This issue of the series «Modern Education Analytics» examines trends in changes in wages, employment and income of employees during the COVID-19 pandemic. This publication reviews the dynamics of the average salary of teaching staff of educational organizations at all levels of education. Special attention is paid to the study of the purchasing power of the average salary of teachers of educational organizations by level of education as a key characteristic of the success of reforms in the field of teachers’ remuneration, reflecting the satisfaction of teachers and changes in the status of teachers. The issue also presents proposals for improving the remuneration of teachers in the current conditions of transition to mixed learning technologies in education.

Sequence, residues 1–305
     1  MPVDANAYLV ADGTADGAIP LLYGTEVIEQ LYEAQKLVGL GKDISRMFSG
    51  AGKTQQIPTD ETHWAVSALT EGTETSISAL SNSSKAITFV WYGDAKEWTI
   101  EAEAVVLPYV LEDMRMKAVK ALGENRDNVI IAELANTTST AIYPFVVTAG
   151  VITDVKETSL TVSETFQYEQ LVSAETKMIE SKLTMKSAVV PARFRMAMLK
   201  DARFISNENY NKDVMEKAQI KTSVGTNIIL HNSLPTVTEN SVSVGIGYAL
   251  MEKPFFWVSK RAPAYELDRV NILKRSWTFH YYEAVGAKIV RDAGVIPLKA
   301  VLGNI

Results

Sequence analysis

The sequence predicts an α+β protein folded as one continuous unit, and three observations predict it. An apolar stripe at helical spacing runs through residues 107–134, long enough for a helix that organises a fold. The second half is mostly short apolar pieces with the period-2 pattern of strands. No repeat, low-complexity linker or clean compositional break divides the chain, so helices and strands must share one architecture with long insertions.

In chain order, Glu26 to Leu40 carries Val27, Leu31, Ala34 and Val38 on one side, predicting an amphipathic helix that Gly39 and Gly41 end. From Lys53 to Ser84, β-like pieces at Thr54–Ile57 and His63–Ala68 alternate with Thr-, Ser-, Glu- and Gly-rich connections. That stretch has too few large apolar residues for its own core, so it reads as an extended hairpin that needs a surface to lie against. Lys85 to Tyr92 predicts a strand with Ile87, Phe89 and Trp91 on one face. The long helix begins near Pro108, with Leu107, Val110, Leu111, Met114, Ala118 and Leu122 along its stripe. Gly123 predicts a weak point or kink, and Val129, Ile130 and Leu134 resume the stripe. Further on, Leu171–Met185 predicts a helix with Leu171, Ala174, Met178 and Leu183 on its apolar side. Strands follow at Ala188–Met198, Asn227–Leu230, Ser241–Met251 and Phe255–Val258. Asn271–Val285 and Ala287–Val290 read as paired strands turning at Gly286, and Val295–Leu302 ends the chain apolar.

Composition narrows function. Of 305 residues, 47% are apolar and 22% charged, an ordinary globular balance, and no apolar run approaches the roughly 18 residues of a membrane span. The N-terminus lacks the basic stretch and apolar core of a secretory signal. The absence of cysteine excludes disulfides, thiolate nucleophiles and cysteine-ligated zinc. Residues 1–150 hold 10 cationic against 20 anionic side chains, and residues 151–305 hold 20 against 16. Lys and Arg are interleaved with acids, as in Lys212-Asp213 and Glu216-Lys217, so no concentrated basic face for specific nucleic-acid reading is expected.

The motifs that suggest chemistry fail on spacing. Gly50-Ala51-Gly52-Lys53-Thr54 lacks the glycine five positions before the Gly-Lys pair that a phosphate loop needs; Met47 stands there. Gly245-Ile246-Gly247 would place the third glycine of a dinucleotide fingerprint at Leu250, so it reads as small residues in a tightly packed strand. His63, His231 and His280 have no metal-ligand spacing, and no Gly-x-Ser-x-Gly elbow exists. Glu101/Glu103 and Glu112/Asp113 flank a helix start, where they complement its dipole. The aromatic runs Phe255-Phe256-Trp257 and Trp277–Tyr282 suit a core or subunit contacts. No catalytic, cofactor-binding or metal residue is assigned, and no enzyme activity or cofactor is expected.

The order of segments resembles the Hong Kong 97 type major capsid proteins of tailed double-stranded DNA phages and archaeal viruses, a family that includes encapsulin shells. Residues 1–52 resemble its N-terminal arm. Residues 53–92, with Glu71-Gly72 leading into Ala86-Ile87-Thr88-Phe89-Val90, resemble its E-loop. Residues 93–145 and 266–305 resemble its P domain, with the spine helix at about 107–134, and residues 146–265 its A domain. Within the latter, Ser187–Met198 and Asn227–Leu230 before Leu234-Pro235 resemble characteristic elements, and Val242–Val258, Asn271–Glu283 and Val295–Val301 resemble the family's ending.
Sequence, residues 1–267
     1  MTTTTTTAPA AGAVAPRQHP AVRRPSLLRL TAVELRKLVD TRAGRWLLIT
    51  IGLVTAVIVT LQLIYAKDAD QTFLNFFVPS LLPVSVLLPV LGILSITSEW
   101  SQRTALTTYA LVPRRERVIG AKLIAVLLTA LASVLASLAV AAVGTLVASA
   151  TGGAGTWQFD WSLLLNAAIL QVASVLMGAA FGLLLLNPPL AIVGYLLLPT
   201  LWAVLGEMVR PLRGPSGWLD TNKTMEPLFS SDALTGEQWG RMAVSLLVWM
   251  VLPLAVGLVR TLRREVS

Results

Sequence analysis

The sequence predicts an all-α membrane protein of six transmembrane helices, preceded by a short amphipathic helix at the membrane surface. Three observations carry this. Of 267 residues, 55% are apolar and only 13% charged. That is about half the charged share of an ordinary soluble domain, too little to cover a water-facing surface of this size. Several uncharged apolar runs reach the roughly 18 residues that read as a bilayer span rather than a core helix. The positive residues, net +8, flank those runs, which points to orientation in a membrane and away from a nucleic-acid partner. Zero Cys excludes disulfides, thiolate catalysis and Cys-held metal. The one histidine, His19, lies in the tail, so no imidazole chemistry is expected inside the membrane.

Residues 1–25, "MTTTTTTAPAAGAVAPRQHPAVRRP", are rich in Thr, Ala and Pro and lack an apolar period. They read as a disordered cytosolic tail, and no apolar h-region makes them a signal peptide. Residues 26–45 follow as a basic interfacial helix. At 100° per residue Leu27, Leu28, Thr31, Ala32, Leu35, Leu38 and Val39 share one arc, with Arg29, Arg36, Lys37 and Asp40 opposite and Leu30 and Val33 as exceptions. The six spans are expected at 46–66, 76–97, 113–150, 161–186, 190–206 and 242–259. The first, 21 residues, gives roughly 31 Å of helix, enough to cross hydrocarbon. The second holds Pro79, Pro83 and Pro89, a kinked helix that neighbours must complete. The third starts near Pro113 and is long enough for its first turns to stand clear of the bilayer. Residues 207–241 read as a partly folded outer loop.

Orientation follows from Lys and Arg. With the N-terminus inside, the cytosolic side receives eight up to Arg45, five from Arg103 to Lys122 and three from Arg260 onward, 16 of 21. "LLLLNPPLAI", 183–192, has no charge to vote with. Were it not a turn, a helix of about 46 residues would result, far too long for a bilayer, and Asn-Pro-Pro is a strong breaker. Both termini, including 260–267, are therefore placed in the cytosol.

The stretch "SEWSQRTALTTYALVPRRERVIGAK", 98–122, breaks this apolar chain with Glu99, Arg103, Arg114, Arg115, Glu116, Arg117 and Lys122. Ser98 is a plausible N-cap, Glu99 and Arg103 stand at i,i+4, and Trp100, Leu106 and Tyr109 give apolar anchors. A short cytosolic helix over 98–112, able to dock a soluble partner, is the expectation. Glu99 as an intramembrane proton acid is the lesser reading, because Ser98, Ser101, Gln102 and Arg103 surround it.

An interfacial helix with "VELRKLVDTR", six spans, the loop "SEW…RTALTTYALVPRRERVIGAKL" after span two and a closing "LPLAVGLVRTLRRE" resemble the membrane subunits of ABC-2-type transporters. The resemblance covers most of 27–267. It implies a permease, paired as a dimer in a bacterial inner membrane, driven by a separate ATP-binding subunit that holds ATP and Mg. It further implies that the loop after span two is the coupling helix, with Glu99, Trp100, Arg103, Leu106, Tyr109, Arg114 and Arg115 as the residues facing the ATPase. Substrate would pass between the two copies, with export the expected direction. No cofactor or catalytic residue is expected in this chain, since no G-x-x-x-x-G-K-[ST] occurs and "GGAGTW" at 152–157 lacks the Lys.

The article focuses on two important areas of integration of the Greater Eurasia project: the sphere of defense and security, as well as the economic and geographical dimension in the context of the export of a pandemic. The first part of the article examines in detail the defense and security dimension of Greater Eurasia, using the example of military cooperation between China and Russia as the main driver of Greater Eurasia.